I recently stumbled across a recipe I posted years ago for halibut with spring vegetables and risotto. Before kids, my husband and I cooked together most nights. And when I read this recipe, I got a craving not only for fresh halibut but for a chance to prove to myself that we could make something like this on a weekday with two children crowding the kitchen. The reason being that timing on this recipe is best if one person is grilling while the other is stirring the risotto.

I got lucky one beautiful spring night and jumped on making my risotto while the kids played outside. I also had a bunch of Swiss chard that had overwintered in the garden. My husband hopped on the grill and helped me pull this all together in less than 45 minutes.

This simple risotto is easy to make but does require attention. It’s worth it, though, to treat yourself to a grown-up version of macaroni and cheese — comforting, creamy and satisfying — that your kids will love, too.

I used Atlantic halibut (Hippoglossus hippoglossus), the largest of all the flatfish. A properly cooked fillet of Atlantic halibut is up there with the best steak I’ve ever had. There’s something about the ribbons of fat in these East Coast flatties that could turn a cowboy into a fish lover. If you’re not lucky enough to be able to find fresh halibut, feel free to substitute anything local that can stand up to the grill.

Serves 6

Ingredients

1 1/2 pounds of halibut fillet
1/4 cup olive oil, divided
1 medium sweet onion, chopped
1 1/2 cups arborio rice
6 cups chicken broth
1/2 cup parmesan cheese
2 tablespoons butter
Optional garnishes: parsley, lemon, chive, thyme and parmesan

Preparation

Brush your halibut in olive oil to coat, then sprinkle with salt and set aside. Pour the broth into a pan and warm over medium-high heat, then keep warm on low.

In a large sauté pan, warm 2 tablespoons of olive oil over medium-high heat, add the onion and sauté until lightly browned. Add a little more olive oil and the arborio, turning the heat down to medium. Stir and cook until the rice is just starting to get translucent at the edges of the grain.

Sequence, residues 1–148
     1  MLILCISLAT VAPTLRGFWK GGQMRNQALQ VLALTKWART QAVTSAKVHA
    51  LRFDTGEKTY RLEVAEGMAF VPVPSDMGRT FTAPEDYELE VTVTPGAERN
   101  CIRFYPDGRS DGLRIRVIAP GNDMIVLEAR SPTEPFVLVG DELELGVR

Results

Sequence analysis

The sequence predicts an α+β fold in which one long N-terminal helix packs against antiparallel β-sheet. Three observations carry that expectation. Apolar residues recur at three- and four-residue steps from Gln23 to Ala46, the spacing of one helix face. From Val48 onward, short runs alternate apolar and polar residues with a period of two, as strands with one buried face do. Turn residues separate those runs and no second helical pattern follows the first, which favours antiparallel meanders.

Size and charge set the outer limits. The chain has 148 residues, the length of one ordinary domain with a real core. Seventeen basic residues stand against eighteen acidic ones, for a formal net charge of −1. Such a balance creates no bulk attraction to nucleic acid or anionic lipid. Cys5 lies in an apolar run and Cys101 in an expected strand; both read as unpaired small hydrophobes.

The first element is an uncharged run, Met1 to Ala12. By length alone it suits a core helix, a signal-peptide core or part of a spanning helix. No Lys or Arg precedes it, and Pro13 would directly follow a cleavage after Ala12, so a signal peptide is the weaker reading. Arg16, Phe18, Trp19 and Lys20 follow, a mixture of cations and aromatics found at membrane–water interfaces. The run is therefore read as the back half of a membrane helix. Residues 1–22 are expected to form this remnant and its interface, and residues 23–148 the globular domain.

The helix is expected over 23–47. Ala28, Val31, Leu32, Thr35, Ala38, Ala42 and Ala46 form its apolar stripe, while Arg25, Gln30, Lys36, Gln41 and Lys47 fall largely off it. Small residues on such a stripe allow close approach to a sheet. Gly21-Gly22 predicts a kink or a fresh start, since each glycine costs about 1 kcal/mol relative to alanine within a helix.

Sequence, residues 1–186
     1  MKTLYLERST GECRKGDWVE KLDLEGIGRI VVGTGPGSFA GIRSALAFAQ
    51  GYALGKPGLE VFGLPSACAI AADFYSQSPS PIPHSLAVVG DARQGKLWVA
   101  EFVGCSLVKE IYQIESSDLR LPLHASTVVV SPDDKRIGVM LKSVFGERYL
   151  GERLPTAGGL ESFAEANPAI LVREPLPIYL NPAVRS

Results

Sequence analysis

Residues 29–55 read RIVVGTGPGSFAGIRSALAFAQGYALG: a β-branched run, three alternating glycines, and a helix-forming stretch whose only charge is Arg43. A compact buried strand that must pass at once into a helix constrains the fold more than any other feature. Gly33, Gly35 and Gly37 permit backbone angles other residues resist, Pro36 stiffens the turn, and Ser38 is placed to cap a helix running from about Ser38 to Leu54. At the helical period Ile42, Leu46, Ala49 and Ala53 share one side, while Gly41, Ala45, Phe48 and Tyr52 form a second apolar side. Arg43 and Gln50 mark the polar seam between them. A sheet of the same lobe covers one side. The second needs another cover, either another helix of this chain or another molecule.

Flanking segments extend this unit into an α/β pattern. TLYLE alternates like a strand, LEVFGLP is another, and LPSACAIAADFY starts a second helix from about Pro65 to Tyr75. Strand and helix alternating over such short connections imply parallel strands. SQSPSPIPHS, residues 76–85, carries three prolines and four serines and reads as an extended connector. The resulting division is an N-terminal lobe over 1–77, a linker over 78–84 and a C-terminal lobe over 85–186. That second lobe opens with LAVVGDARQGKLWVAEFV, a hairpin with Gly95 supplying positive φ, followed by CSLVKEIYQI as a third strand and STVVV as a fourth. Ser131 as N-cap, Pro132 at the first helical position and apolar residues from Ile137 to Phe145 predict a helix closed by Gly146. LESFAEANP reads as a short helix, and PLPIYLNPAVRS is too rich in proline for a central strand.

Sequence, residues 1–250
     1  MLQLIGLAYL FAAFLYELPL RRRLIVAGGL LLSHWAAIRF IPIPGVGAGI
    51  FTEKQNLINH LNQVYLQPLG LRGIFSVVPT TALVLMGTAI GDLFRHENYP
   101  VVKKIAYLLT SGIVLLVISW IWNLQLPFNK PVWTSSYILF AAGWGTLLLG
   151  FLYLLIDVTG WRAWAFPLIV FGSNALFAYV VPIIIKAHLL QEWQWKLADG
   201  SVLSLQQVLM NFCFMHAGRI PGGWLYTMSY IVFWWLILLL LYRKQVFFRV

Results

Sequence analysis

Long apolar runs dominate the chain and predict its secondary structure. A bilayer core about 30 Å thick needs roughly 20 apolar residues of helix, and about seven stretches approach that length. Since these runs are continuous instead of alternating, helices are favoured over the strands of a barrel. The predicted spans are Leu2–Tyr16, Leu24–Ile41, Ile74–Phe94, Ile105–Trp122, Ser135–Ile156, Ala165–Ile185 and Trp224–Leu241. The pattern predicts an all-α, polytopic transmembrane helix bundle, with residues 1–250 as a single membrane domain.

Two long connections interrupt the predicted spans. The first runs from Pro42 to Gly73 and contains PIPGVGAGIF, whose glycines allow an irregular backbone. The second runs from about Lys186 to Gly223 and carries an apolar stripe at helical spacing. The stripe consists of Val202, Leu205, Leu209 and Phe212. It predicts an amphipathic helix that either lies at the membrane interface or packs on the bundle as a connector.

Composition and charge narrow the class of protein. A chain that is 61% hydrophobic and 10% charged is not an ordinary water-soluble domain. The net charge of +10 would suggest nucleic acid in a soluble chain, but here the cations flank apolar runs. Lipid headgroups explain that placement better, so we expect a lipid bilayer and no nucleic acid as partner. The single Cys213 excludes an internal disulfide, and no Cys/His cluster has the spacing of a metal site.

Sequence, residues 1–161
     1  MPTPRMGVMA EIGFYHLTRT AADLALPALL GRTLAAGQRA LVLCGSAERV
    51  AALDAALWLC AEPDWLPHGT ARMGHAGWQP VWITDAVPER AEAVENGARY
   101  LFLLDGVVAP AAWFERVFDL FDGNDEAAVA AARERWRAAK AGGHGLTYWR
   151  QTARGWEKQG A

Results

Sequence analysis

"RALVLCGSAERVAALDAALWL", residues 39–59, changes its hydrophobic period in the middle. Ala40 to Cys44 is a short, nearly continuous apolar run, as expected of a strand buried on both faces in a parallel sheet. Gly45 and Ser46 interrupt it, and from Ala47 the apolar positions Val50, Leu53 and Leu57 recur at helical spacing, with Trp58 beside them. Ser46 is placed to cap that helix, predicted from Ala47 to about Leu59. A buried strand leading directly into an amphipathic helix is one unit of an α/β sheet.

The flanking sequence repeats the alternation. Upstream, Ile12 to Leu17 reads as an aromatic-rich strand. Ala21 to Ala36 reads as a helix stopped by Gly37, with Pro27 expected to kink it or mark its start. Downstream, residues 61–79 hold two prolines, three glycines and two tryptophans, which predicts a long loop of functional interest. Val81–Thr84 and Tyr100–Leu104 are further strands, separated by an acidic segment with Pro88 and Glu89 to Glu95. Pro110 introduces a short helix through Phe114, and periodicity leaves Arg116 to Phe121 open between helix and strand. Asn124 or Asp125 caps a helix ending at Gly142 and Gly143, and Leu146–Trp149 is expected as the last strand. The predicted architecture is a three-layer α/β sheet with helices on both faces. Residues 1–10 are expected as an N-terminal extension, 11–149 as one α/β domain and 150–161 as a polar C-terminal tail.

Add a ladle of broth and cook, stirring, until the rice mixture absorbs the liquid. Add another ladle of broth and repeat until the rice is cooked through. In a pinch, you can cook the risotto until it’s almost done and set it aside, partially covered. Then rewarm to serve with another splash of broth within 20 minutes. I discovered this is just enough time to clean the slugs off of my garden chard, then chop and steam it.

Start grilling your halibut when you’re about 25 minutes away from serving. After your grill is heated on high, oil the grill itself and cook the fish, top side down for 3-4 minutes to get a nice sear (skip this step if you’re not feeling confident in your grill maneuvering). Then turn the heat to low, flip the fillet to skin side down, close the cover and cook for another 15-20 minutes. This was a 3-inch-thick piece and took a good 20 minutes on low. You can check for doneness by peeking between the flakes.

When the risotto is cooked through, add the parmesan and stir to incorporate, then add the butter and serve immediately with a squeeze of lemon, some fresh herbs and more parmesan. I like to put my fish right on top.

I love the contrast of vinegar-dressed greens with the grilled fish and cheesy risotto.

Jessica Hathaway is the former editor in chief of National Fisherman.

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